GLYCOLYSIS/FERMENTATION WITH MOLECULAR MODELS
Professor of Biology and Chemistry
University of Cincinnati Clermont College,
Batavia OH 45103
This page has been accessed times since 11 October 2001.
9 November 1999, 20 Nov 00, 9 Nov 02
"Glycolysis" strikes fear into many undergrad biology
students because it presents them with an abstract series of reactions
and molecules which are difficult to visualize and therefore incorporate
into a coherant biochemical framework. This exercise has each student
taking responsibility for a single molecule in the series, learning
the following about it:
1) its structure
2) its precursor
3) the enzyme which created it
4) the enzyme which will act on it
5) the product of that action
6) the significance of the bond structure, particularly those involving phosphate.
They are then to describe these features to their fellow students in sequence. This strategy for teaching glycolysis has received many positive reviews from students who have used it.
Here is the key for the identities of the elements in the models:
|color of ball||element||number of bonds required|
|purple||phosphate (PO4)||it has 5 bonds...|
For the construction, remember that in straight chain illustrations
of the chemical structures:
The carbon back bone is vertical with vertical bonds from each carbon projecting away from the observer.
The horizontal bonds project towards the observer.
Here is the sequential listing of the molecules of glycolysis:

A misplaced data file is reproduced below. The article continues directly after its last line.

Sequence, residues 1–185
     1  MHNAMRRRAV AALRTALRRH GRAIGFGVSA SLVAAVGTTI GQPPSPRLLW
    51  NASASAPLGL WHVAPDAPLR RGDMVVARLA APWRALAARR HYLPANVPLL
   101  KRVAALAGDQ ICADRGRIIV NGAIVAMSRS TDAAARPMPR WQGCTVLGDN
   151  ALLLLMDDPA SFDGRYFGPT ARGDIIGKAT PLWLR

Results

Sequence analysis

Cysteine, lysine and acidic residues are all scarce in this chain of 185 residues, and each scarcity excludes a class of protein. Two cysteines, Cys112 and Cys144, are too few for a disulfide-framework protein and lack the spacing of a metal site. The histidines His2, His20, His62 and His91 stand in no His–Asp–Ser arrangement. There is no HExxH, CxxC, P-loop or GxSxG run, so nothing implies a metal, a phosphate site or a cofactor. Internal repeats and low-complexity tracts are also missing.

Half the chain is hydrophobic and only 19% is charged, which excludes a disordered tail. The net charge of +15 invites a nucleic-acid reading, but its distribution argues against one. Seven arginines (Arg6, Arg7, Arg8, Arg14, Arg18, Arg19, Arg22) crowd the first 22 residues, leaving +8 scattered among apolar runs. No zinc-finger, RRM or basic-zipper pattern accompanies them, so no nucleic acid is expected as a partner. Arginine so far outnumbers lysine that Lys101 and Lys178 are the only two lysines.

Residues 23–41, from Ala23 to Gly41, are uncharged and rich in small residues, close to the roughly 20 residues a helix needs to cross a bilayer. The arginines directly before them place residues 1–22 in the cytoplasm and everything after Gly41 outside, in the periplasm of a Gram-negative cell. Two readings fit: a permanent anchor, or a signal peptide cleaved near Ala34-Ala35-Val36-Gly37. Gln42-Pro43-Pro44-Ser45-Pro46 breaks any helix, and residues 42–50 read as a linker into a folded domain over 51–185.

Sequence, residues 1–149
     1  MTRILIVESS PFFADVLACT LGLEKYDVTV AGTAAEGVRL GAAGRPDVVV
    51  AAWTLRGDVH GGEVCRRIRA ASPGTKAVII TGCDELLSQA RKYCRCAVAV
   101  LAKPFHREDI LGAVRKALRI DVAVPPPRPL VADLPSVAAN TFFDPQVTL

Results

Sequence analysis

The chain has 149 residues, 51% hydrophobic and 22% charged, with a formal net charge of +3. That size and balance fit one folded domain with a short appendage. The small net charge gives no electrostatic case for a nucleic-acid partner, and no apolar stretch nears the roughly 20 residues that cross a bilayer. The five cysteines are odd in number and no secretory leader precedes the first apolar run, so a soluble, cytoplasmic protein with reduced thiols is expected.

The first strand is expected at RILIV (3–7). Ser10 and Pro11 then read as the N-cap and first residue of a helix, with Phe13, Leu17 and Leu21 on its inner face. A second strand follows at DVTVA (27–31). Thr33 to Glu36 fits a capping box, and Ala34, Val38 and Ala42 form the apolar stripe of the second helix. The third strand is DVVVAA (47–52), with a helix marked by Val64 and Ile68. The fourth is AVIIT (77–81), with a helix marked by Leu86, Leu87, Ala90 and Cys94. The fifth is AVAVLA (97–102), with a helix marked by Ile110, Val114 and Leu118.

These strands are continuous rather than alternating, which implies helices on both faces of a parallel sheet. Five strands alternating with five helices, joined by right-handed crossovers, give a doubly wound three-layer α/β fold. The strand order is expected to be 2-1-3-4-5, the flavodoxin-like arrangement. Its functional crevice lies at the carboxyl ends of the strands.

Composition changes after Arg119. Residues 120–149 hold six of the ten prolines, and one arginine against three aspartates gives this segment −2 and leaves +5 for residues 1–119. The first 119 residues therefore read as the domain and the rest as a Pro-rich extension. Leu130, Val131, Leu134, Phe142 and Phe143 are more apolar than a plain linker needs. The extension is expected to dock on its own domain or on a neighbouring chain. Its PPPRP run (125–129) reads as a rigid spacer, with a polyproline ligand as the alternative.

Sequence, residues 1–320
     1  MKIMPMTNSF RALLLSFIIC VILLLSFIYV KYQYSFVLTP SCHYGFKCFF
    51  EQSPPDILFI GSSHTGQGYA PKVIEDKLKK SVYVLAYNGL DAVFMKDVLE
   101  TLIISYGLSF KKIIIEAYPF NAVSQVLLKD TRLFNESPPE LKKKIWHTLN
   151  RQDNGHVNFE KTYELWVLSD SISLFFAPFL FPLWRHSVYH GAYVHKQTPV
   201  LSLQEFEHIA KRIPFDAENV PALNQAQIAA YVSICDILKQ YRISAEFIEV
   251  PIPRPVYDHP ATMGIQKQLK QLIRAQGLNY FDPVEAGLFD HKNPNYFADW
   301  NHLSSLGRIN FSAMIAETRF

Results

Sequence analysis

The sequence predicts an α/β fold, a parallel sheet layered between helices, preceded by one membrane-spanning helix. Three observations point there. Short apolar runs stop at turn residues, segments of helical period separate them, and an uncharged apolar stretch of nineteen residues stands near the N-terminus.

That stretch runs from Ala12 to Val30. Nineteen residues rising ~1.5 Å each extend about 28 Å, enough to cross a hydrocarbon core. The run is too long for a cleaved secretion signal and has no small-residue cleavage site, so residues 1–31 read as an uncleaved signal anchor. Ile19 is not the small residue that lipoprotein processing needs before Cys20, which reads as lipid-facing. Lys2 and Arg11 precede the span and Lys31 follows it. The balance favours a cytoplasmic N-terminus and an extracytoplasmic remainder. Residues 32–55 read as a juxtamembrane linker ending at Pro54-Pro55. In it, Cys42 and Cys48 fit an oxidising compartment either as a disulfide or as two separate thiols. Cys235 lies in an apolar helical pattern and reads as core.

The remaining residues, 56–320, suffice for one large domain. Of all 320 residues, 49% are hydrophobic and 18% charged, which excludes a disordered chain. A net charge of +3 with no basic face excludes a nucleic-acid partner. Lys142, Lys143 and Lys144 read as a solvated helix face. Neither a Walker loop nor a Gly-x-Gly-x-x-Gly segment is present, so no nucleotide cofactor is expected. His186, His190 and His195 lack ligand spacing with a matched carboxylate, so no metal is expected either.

2) Glucose-6-phosphate (G-6-P)
3) Fructose-6-phosphate (F-6-P)
4) Fructose-1,6-bisphosphate (F1,6bisP)
5) Dihydroxyacetone phosphate (DHAP)
6) Glyceraldehyde-3-phosphate (33GAP)
7) 1,3-bisphosphoglycerate (1,3bisPGA)
8) 3-phosphoglycerate (3-PGA)
9) 2-phosphoglycerate (2-PGA)
10) Phosphoenolpyruvate (PEP)
12) Lactic acid
13) Acetaldehyde , Carbon dioxide & Ethanol
Once students have constructed the assigned molecule, and learned the enzymes and related molecules, the models are laid out in sequence on a big table, and students in succession gave the following information:
1) The name of the molecule they had constructed
2) Its characteristic features
3) How it differs from the previous molecule
5) The enzyme which produced it
6) How it will be changed into the next molecule and why
7) The name of the enzyme which performs this change and the meaning of the name of the enzyme.
Students were to discuss selected phosphorylated molecules (i.e. glucose
6 phosphate, 1,3 bisphosphoglycerate, and phosphoenolpyruvate), naming
and discussing the bonds by which phosphate is attached, and the relative
energy content in each type (phosphoester, phosphoanhydride, resons for
PEP's unusual energy). The products of hydrolysis of these bonds was demonstrated
Following the discussion, students leave the room, the molecules are randomized, and students return and identify the molecules as a way of demonstrating what they have learned.
We have taken pictures of this exercise since 1997. Here they
are, the students holds his/her molecule constructed in November of 2002
, 2001 , 2000
and 1997 (the latter taken with a less
adequate digital camera...).
Videos on glycolysis from Films for the Humanities and Sciences series which review the process are:
VIDT QH 633 .C45 1992 pt.1 Cell and Energy (Series Title-Cellular Respiration)
VIDT QH 633 .C45 1992 pt.2 Glycolosis 1 (Series Title-Cellular Respiration)
VIDT QH 633 .C45 1992 pt.3 Glycolosis 2 (Series Title-Cellular Respiration